The Large Hadron Collider (LHC), the world’s biggest particle smasher, will look for known unknowns such as dark matter, but also for so-called unknown unknowns that researchers have little idea about. That is according to Professor Fabiola Gianotti, the newly appointed Director-General of CERN, the European Organization for Nuclear Research, which helped identify the Higgs boson.
The LHC is due to restart early next year, what will it be able to teach us about dark matter?
‘I think that the LHC can tell us a lot about dark matter, whether or not we discover it. First of all, the LHC has a strong chance of being able to discover the particles that constitute dark matter. We know very well that all the particles that have been discovered until now do not have the right characteristics to be the dark matter particle.
‘The fact that we have observed the existence of dark matter indirectly clearly calls for new physics, for a new particle. If the LHC does not discover dark matter, of course, the negative answer will also be important. It will inform future plans for exploration of dark matter.’
How does the discovery of the Higgs boson impact on that search?
‘One of the important questions to be asking ourselves is: “does the dark matter particle get its mass through the Higgs boson mechanism or something else?” So this will be something we will have to study. Also, the Higgs boson itself can decay into dark matter particles and so studying the properties of the Higgs boson will allow us also to get indications about dark matter.’
‘Studying the properties of the Higgs boson will allow us also to get indications about dark matter.’
Professor Fabiola Gianotti, CERN
How exactly can smashing particles together find a dark matter particle?
‘There are various ways of producing and observing dark matter particles. If dark particles are dark in the sense that they interact extremely weakly with our instruments, the way to see them, for instance, will be to observe in our detector what we call missing energy. So, if you look at the energy in the initial state of the collision, this energy has to be conserved and you have to find the same energy in the final state. This is a very fundamental principle of nature – energy conservation. If you have some missing energy in the final state, this could be a very strong signal for dark matter particles.’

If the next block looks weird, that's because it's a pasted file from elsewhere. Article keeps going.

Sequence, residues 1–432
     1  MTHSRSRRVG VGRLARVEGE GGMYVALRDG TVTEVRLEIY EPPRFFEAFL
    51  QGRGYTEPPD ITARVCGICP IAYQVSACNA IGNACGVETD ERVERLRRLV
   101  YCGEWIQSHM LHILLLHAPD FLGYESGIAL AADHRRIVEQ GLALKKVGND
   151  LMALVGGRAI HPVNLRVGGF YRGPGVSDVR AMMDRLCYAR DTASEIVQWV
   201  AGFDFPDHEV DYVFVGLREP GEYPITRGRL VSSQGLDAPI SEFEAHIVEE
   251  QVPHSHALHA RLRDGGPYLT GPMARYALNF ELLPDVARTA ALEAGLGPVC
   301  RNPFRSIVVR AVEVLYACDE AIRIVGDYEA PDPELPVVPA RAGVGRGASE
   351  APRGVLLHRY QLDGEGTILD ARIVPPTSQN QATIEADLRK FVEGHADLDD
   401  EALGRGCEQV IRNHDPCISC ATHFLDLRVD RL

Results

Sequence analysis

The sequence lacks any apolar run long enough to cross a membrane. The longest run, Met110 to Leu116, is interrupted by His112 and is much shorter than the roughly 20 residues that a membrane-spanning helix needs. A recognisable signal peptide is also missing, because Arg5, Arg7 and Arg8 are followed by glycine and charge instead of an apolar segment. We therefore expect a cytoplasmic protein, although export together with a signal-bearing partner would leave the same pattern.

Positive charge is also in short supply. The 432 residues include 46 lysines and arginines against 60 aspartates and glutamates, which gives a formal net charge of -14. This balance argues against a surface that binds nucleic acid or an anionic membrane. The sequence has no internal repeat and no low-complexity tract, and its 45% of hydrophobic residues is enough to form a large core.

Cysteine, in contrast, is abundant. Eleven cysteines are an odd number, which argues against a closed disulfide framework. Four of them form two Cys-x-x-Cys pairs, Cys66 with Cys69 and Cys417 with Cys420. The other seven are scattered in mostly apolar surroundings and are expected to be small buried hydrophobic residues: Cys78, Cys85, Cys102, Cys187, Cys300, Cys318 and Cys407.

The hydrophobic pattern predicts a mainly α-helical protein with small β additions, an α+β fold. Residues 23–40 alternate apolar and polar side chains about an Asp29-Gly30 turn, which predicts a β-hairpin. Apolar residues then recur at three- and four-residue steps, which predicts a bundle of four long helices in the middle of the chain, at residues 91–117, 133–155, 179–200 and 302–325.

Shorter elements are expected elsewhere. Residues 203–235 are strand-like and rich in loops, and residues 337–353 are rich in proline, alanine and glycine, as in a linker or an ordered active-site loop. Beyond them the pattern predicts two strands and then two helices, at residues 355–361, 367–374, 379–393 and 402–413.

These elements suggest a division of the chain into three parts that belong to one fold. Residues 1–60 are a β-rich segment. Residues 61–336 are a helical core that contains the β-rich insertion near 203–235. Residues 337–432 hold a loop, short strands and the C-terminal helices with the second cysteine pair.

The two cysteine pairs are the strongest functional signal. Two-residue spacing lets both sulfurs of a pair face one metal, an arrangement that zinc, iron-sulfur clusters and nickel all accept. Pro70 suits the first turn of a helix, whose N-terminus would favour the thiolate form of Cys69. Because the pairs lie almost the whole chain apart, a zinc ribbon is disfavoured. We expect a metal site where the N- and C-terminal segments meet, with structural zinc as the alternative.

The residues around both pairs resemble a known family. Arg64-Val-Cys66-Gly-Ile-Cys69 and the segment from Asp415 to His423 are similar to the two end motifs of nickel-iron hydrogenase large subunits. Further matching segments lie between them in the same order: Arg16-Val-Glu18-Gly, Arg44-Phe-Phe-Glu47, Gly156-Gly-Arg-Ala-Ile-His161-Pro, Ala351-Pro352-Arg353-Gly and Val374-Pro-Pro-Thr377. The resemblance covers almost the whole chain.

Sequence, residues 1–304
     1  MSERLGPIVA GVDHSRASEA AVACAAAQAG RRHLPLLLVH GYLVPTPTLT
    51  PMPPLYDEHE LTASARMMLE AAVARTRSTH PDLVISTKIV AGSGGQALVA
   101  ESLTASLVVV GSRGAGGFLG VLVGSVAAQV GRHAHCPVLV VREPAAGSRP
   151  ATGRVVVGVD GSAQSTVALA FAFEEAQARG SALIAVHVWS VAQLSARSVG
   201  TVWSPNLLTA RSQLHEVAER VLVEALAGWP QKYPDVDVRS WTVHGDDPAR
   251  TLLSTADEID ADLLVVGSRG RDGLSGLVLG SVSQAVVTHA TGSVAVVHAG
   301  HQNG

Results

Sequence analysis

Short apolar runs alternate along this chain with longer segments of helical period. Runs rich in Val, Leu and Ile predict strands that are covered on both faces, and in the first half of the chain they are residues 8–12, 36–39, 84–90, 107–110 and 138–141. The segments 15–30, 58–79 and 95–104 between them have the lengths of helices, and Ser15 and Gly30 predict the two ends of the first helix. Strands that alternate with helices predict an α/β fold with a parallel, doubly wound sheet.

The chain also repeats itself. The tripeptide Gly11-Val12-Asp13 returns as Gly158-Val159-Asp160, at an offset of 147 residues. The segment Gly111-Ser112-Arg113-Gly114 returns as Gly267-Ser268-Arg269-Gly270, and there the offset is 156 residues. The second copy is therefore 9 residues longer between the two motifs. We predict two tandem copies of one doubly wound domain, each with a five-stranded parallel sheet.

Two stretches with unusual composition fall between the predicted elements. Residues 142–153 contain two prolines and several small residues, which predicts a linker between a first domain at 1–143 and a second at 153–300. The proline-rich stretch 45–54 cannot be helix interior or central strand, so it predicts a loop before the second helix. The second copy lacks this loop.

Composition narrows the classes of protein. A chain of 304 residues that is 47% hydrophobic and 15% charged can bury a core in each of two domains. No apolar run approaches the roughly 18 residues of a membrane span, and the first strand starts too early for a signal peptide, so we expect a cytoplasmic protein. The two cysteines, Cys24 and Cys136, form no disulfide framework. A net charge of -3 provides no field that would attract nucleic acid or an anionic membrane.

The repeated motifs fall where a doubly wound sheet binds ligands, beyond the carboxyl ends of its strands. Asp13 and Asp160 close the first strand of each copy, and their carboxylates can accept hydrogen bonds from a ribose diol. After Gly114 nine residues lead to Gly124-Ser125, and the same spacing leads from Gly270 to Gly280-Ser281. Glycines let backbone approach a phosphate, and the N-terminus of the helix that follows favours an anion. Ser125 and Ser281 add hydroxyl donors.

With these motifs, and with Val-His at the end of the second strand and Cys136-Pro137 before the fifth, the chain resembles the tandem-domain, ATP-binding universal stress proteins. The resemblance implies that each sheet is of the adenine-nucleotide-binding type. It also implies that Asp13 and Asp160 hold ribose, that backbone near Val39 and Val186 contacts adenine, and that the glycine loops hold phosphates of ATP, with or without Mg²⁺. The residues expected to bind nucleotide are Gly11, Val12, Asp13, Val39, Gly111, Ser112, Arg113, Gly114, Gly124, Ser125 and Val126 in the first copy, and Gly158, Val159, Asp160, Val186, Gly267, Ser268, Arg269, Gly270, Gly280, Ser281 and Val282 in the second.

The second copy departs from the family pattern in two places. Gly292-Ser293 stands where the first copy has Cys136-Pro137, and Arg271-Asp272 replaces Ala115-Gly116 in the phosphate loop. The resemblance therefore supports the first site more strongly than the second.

The LHC restarts next year. How confident are you that with the increased energy level that you have at that time, you’ll be able to find this missing energy or find some hint of dark matter?
‘I can’t tell. I am a research physicist so research is looking for the unknown, both the known unknown, like dark matter – we know it exists, we don’t know what it is, but we know that it’s an unknown – but also for the unknown unknown.
‘I can say I am confident because I am optimistic, but I cannot say more than that. And, of course, I would also like to stress that, for a researcher, surprise is always the best possible reward. So it would be good to find something totally unexpected.’
The Large Hadron Collider (LHC) is a 27 kilometre ring in which particles travel at close to the speed of light, suspended by superconducting magnets chilled to within a few degrees of absolute zero by liquid helium.
The underground collider, which straddles the French and Swiss border near Geneva, was built by CERN between 1998 and 2008, partly to prove or disprove the existence of the Higgs boson, a subatomic particle required for the Standard Model of physics.
Within three years of operation, researchers at CERN, whose work is partly funded by the EU, announced they had discovered a particle which could be the Higgs boson, and almost a year later they announced that they ‘strongly suspected’ the particle was indeed the Higgs.
Following this discovery, researchers shut the LHC down for maintenance and upgrades. They plan to restart the collider in early 2015 to run at almost double its current maximum energy.
For details, visit http://home.web.cern.ch/topics/large-hadron-collider
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